The Basketweave Elegies   CB0066

The music

The Basketweave Elegies is in nine movements:

    1.  Very quiet, still  
    2. Bright, clear
    3. Very quiet, still
    4. Bright, clear
    5. Lyric, expressive
    6. Vigorous, declamatory
    7. Peaceful, radiant
    8. Bold, emphatic
    9. Lyrical, tranquil

Garland writes about the work​:

“The title was originally conceived as a homage to the late artist Ruth Asawa (1926–2013), famous for, among other things, her woven wire sculptures. Also, anyone who knows me knows of my lifelong interest in basketry (and my collection!). My admiration for basketry and basket makers also extends to a kind of traditional lifestyle and art practice, one that is often rural, attuned to the natural world and the seasons, and lived at a slower pace than the urban-art-world-oriented modern artist (or composer). What difference is there between art and craft? There is some, I suppose, but what unites them both is the idea of doing something well. I want to write music that is well-made, sturdy, useful, and beautiful—like a basket—its beauty resulting from those first three qualities. . . . Formally I got an idea from the medieval poetic-musical form the rondeau. The work is in nine sections or movements. There are four declamatory “core” movements—sections 2, 4, 6, and 8—which are preceded and followed by lyric ‘refrains’—sections 1, 3, 5, 7, and 9. Of course, this being the 21st century and not the 12th, I do not follow the rondeau form in any literal fashion. . . . It is very gratifying to me to have William Winant as the performer on this recording. We have been close friends and collaborators for over 50 years, and he has been a preeminent interpreter of my music. He was featured on two of my first CDs, 30 years ago, and it feels like we have now come full circle with this. Thank you, Willie.”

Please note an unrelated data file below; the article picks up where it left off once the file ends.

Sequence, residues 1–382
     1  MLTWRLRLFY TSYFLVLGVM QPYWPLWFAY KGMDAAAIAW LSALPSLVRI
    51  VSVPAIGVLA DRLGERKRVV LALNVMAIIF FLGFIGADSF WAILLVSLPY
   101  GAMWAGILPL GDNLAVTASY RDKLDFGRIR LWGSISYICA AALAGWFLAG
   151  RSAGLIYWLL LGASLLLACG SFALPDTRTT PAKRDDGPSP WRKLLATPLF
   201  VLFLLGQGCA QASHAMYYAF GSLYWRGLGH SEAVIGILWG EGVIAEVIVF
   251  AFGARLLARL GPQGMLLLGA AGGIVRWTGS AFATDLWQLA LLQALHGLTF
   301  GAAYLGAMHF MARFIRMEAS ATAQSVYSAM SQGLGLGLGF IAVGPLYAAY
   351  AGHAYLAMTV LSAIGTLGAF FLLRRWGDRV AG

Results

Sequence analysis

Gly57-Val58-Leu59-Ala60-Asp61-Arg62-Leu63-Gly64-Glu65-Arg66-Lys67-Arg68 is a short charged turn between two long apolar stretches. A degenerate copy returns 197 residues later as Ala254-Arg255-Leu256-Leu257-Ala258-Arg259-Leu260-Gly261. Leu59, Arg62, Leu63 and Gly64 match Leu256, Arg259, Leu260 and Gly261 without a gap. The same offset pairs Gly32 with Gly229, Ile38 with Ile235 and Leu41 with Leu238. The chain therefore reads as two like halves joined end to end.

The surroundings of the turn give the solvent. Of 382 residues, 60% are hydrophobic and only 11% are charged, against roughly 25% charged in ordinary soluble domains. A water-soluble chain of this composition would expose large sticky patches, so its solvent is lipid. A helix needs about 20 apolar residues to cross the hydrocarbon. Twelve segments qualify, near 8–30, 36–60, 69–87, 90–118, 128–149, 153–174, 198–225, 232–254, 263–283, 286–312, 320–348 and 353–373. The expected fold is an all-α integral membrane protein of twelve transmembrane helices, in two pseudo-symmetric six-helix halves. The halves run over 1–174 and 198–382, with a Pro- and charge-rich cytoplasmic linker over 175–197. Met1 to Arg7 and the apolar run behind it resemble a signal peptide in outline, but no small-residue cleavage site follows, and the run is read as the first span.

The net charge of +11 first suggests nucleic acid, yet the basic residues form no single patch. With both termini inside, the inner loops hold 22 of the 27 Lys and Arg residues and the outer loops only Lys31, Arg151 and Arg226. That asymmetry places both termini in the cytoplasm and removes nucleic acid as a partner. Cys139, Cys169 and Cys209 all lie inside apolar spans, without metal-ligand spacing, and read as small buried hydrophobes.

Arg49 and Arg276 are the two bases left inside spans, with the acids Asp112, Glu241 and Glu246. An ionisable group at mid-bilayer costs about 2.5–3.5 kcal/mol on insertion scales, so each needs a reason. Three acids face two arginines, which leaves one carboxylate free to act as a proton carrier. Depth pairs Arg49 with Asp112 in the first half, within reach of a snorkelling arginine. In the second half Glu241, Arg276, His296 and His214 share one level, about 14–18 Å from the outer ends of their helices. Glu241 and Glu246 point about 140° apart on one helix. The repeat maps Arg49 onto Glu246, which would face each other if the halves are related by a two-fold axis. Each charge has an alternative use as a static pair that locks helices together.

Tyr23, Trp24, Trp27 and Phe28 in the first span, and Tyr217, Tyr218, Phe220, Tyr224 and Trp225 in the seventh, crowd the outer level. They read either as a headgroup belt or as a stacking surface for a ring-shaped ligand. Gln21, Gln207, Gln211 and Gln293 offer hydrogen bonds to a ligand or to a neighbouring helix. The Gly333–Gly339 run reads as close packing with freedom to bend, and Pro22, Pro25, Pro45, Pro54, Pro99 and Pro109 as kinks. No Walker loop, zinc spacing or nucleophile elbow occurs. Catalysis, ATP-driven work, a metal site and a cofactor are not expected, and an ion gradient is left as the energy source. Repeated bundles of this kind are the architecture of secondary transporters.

The composer

Peter Garland is a composer, world traveler, musicologist, writer, and former publisher (Soundings Press) whose music is informed by his well-traveled ear and strong sense of personal vision. He studied with Harold Budd and James Tenney and maintained long friendships with Lou Harrison, Conlon Nancarrow, Paul Bowles, and Dane Rudhyar. As a musicologist, he has focused on Native American, Mexican, and Southwestern American musics and 20th-century experimental composers of the Americas, championing the work of  Revueltas, Partch, and Nancarrow long before their music became fashionable and regularly programmed.